The wedding of Prince Harry and Meghan Markle — or, if you prefer, of the Duke and Duchess of Sussex — was a collision between the United Kingdom and the United States, a geopolitical tango in which a particular sort of American ethos definitively took the lead. For those who’ve surmised that Meghan may meaningfully change the public face of Britain’s monarchy, Saturday’s wedding seemed to provide ample evidence. For the many millions watching worldwide, it bore the imprints of a guiding sensibility that was passionate, globally engaged and — relative to the rest of the royals — downright breezy.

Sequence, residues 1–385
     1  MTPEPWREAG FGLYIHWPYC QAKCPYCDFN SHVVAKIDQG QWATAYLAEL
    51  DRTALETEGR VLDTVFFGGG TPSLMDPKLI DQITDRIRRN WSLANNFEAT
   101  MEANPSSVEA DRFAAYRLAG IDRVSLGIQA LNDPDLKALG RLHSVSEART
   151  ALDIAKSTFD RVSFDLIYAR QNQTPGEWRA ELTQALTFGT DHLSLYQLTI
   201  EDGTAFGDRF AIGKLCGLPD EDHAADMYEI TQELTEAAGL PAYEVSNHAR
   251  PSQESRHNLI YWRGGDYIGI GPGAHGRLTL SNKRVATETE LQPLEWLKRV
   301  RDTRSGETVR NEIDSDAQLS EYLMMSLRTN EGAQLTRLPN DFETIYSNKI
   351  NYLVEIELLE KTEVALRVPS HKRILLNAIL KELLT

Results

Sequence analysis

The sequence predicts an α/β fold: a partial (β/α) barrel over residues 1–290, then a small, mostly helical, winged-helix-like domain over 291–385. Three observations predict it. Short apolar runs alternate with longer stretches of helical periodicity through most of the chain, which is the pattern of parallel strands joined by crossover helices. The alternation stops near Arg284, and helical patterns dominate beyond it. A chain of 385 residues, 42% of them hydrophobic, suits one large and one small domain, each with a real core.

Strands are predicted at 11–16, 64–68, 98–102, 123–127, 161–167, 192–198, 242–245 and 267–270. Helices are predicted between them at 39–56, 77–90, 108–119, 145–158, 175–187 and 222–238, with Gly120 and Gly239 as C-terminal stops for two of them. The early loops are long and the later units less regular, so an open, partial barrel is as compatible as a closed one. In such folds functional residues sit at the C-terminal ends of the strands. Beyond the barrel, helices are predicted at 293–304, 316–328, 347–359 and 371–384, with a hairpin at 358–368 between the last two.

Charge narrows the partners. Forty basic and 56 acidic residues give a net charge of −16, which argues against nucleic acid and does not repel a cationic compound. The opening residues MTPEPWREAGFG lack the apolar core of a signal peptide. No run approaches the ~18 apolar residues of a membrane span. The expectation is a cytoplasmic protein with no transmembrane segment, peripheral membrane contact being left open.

This became clear in the moments before Meghan even entered the chapel. Prince Harry, evidently a nervous groom, transmitted anxiety through the screen. Other members of the royal family seemed even less at ease, seemingly because of an odd paradox: Their pleasant remove from contemporary digital life has made them vastly less comfortable on camera than most of their subjects. Her motorcade may have arrived with down-to-the-minute British punctuality, but Meghan strode out with an un-royal sort of confidence. In a simple and clean dress and one bit of ornate finery — a tiara whose encrusted jewels set off her Drybar-chic messy bun — she held a pose outside the chapel for a long moment as her train was being arranged, and used the time to wave to members of the assembled crowd with a mood less of noblesse oblige than of amiable openness.